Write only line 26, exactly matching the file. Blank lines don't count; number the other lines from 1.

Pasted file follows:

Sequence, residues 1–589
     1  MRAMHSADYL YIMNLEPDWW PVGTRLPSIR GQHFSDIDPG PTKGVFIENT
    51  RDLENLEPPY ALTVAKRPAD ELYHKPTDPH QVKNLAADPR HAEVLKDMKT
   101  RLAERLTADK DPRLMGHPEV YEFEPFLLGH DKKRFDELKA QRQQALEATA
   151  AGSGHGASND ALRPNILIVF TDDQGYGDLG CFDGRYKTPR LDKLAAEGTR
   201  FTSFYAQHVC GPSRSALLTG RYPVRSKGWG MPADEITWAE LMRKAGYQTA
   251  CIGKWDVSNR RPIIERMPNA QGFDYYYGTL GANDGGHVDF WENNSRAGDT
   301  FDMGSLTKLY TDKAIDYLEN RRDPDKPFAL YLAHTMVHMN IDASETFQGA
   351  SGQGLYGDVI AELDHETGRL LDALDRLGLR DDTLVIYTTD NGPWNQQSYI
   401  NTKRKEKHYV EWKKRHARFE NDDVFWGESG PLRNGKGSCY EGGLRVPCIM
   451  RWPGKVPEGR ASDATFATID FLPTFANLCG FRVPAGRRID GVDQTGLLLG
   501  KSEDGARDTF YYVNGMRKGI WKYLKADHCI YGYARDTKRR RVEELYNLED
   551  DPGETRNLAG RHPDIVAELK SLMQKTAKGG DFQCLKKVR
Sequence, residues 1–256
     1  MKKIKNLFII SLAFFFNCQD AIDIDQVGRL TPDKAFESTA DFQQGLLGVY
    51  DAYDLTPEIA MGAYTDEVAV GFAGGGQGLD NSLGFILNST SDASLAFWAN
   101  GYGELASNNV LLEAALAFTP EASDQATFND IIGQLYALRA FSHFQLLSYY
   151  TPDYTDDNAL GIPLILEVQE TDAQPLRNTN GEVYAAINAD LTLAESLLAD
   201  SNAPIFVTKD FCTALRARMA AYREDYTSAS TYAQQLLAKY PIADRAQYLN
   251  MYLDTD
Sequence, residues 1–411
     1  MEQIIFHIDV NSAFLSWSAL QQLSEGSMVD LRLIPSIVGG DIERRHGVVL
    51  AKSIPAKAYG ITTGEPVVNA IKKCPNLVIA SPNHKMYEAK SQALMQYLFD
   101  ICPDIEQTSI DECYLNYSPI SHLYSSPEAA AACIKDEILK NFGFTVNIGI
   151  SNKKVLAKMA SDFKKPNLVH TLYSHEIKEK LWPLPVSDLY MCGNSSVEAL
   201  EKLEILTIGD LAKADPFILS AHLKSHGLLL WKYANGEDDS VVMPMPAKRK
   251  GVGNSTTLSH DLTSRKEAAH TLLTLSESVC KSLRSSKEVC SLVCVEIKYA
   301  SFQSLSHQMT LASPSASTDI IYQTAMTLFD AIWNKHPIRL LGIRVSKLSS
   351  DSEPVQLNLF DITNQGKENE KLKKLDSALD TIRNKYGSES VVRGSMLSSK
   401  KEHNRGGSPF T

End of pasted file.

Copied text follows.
   201  EKLEILTIGD LAKADPFILS AHLKSHGLLL WKYANGEDDS VVMPMPAKRK